Clint Eastwood is an incredible actor and director
His career has spanned the gamut from WWII biopics to incredible dramas. The roles that Eastwood is most famous for, however, are his western movies that he starred in during the 1960s and 1970s. Clint Eastwood is practically made for western movies, from his gruff raspy voice to his towering frame, and he solidified his position as the best western actor of all time with these ten films.
Here are the Clint Eastwood movies list:
- The Good, the Bad, and the Ugly – Chances are if you’ve never seen another western movie, you’ve still seen this incredible Sergio Leone film. From the musical score to the brutal plot, many film critics consider this to be the best western (if not the best film in general) of all time.
- For a Few Dollars More – This was the first of Clint Eastwood’s most famous series of western movies – the so-called “man with no name” trilogy that completely changed the way that westerns were written and produced. Sergio Leone proved that western movies didn’t have to rely on campy special effects or constant dialogue to engage audiences – and Clint Eastwood wore a pretty amazing poncho throughout the movie as his character reveled in anonymity and mystique.
- A Fistful of Dollars – It is no coincidence that a list of the ten best Clint Eastwood westerns starts out with the three that were produced by Sergio Leone. In a way, these three movies “created” the character that Clint Eastwood would go on to draw from in his other hits westerns. Clint Eastwood showed that the ‘hero’ of a western movie could sometimes blur the lines between the traditional good-guy and the villain.
- Unforgiven – Unforgiven is a relatively recent entry into the Eastwood canon, but it demonstrated that age has only deepened Eastwood’s characterization of the reluctant western hero. In this movie, Eastwood comes out of retirement to take on a corrupt group of villains – and Morgan Freeman guest stars as his trustworthy companion.
- Pale Rider – In this Clint Eastwood movie, the hero protects a mining village from the company that is trying to steal their land in the name of profits. The idea of “man versus corporation” was popular in Western movies, tying into the resentment that many movie-goers have towards the establishment in their own countries.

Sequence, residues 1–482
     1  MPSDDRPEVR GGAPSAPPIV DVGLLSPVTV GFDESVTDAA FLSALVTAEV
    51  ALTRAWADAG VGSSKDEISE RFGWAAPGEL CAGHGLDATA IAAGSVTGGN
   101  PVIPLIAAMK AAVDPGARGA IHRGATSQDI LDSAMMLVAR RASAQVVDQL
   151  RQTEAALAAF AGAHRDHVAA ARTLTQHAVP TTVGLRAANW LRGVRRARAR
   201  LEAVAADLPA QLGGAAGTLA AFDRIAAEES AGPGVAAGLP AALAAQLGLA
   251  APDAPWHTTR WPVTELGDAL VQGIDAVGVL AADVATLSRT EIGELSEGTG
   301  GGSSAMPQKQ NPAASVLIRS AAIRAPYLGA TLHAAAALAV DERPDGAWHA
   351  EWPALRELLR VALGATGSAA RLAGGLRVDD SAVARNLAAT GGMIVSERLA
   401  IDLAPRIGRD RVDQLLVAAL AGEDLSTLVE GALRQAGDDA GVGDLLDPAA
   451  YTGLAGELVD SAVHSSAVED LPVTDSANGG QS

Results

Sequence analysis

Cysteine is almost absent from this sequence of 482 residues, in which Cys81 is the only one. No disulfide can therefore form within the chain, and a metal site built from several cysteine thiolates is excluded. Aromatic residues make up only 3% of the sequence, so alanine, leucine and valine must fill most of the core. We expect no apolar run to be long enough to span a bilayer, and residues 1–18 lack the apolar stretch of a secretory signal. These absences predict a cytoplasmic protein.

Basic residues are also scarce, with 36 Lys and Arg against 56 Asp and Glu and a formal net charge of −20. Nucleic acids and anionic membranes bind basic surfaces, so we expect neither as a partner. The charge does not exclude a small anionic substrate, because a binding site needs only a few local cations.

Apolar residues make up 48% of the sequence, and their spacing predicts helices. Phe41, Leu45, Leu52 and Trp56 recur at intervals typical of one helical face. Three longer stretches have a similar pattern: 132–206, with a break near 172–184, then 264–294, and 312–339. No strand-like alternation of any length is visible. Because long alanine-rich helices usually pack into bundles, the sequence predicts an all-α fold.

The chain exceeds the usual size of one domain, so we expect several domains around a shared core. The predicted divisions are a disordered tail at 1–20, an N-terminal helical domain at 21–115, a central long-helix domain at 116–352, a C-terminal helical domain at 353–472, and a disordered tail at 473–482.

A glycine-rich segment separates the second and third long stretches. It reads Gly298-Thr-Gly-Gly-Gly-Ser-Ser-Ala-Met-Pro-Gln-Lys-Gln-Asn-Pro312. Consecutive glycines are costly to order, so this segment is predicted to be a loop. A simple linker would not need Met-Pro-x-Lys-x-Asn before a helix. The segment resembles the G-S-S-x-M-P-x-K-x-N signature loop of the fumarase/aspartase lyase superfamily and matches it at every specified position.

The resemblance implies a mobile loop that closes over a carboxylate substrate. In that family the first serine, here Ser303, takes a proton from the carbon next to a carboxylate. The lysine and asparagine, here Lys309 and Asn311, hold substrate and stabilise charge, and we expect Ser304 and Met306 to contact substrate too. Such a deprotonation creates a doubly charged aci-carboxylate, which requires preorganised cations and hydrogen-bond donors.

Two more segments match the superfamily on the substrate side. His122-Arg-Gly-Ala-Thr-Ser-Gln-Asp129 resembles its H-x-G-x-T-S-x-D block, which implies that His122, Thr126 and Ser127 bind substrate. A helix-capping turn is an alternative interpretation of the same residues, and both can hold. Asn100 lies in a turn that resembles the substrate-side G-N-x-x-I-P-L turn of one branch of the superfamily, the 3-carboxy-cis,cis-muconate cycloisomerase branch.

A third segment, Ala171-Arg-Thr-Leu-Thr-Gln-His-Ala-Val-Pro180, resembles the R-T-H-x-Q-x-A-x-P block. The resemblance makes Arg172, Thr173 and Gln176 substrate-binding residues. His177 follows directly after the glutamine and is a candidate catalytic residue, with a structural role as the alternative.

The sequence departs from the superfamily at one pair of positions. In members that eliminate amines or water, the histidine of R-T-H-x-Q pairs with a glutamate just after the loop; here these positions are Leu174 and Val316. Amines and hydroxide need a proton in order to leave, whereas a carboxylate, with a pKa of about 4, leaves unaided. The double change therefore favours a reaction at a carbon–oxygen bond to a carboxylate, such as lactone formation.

- The Outlaw Josey Wales – After the American Civil War, many former Confederate soldiers joined guerrilla units that operated throughout the United States. Some of these guerrilla units sought to avenge the deaths of friends and family at the hands of Union soldiers, such as the “outlaw” in this film.
- Two Mules for Sister Sara – This is one of the most underrated westerns that Clint Eastwood has been in – and it received only limited release in the United States when it was produced. Clint Eastwood occupies a nun named Sara after rescuing her from bandits – and the contrast between Eastwood’s hard personality and Shrley MacLaine’s femininity makes for a very different dynamic than the normal “buddy-cop” type western.
- Hang ‘Em High – In one of the most brutal of the Clint Eastwood movies – this time the hero returns after almost being killed during a lynching to bring the entire town to justice for its vigilante error.
- High Plains Drifter – This is actually an adaptation of a popular Japanese movie, but set in a very different time period and environment. Instead of a samurai training a village to defend itself, this time Eastwood plays a gunfighter that helps a town band together to hold off three outlaws and their henchmen.
- Joe Kidd – If you are interested in the historical tensions that permeated the American border with Mexico, this is a great movie to demonstrate how ranchers, landowners, and Mexicans lived in an uneasy alliance on the great plains. Joe Kidd is a bounty-hunter that comes out of retirement to track down a Mexican revolutionary leader, only to learn that his employer (a wealthy landowner) is using his skills to turn a profit on land seizures.